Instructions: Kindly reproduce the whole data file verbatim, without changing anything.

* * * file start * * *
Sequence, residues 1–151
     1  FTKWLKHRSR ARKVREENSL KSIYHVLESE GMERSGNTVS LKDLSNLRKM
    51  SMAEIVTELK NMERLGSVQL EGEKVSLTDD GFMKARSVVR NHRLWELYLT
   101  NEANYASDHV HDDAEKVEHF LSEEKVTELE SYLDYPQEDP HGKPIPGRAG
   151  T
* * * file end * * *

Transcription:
Sequence, residues 1–151
     1  FTKWLKHRSR ARKVREENSL KSIYHVLESE GMERSGNTVS LKDLSNLRKM
    51  SMAEIVTELK NMERLGSVQL EGEKVSLTDD GFMKARSVVR NHRLWELYLT
   101  NEANYASDHV HDDAEKVEHF LSEEKVTELE SYLDYPQEDP HGKPIPGRAG
   151  T